CRITICAL THINKING IN TOURISM STUDIES
Call for PapersTourism, Culture and Communication
CRITICAL THINKING IN TOURISM STUDIES
[Guest Editors: Rodanthi Tzanelli, University of Leeds, UK and Maximiliano Korstanje, University of Palermo, Argentina]
The importance of criticality in the development of different analytical traditions in tourism studies is indisputable. Whether they focus on Marxist-inspired critiques of industrial production, in which tourism is a ‘consciousness industry’ (Enzensberger 1974), on Wallerstein’s ‘systems theory’ in which an exploitative European ‘world centre’ caters for tourist demand to consume peripheral exoticism (Greenwood 1977; Britton 1989), on occulocentric practices organised by ‘experts’ and consumed by clients (Urry 1999, 2002; Hollinshead 2009), or on the deployment of tourism as a performative tool for collective self-aggrandizement by states and communities (MacCannell 1973; Edensor 2002), such arguments seek to promote particular modes of critical thinking.
As early as the 1940s, Frankfurt School-inspired critical theory equipped tourist studies scholarship with appropriate tools to examine tourism as an economic process, a multi-industry and a social fact (von Wiese 1930; Bornmann 1931). Indeed tourism’s contribution to an essential division of human activities between work and leisure in Western and European societies (Krippendorf 1986) --- which coincided with the institution of paid holidays as a universal right (1940) --- fed into such arguments, so the critical turn became entangled in globalised/Europeanised institutional changes, inducing new objections to treating tourism as a universal value. From the late 1990s-2000s, a ‘new mobilities paradigm’ (with its ‘critical mobilities’ branch (Söderström et al. 2013)) breathed new life into these debates by employing new methodological and epistemological tools from Complex Adaptive Systems and Actor-Network Theory, in which ‘systems’ comprise more or other-than-human actants that propel different types of human performance in tourism (Sheller and Urry 2004; Hannam et al. 2006).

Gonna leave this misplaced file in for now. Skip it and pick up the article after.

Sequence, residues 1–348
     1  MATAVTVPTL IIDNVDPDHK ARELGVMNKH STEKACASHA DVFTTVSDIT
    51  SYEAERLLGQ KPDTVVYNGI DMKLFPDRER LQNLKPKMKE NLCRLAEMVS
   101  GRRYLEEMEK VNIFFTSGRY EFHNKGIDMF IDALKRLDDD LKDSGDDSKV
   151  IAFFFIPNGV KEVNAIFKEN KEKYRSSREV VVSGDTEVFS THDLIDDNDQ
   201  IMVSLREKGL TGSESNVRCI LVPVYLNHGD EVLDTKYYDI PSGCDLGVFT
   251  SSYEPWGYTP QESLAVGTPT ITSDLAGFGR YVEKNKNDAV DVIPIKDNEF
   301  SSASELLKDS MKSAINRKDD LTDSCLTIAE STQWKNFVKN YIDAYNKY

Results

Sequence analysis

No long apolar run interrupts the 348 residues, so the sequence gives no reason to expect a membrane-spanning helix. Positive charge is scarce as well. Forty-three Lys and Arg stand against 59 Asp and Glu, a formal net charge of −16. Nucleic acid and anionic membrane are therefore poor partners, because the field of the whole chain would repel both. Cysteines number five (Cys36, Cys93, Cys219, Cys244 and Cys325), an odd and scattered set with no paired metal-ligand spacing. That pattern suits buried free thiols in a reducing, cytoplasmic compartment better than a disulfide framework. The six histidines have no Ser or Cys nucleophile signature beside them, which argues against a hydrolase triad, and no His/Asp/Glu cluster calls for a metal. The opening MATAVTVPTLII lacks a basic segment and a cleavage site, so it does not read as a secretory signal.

Regardless of their differences, all these arguments and schools share an interest in the promotion of critical thinking. This Special Issue seeks to bring to academic discourse what ‘critical thinking’ truly is as an epistemic mode favouring systems, or a form of structural and/or agential meaning-making performed by host communities, tourists, tourist design industries and scholars in tourist studies and other cognate fields.
Some indicative but not exhaustive themes for possible papers are:
- The importance of systems theory today (e.g. considerations of tourism as a multi-system; tourism and complexity theory)
- New forms and styles of criticality in tourism analysis
- Implementations of critical thinking in contemporary socio-cultural contexts of tourism (e.g. disaster zones, military tourism, dark and slum tourism or Brexit)
- Critical tourism studies and modes of host, guest or industrial agency
- New critiques of traditional critical theory in the field (e.g. problematic prioritizations of the economic or the political over the cultural or aesthetic as a critical mode)
- Critical thinking and (re)definitions of ‘tourism’ and the ‘tourist’
Submissions: Abstracts of 300 words which contribute to knowledge about the role of critical thinking in tourism contexts should be submitted by email to email@example.com and firstname.lastname@example.org by no later than 15 February 2019. [Invitation to submit first drafts of manuscripts: 15 March 2019. Deadline for receipt of first drafts of manuscripts: 1 July 2019]. Accepted papers will normally be limited to 7000 words, max.
This Special Issue is a COLLABORATIVE PUBLICATION between TCC and ISA (The International Sociological Association) via the latter's Research Committee (RC50) on 'International Tourism'. The Special Issue Commissioning Editors are Keith Hollinshead (TCC) and Rukeya Suleman (RC50 / ISA) CritRoma-Nov.docx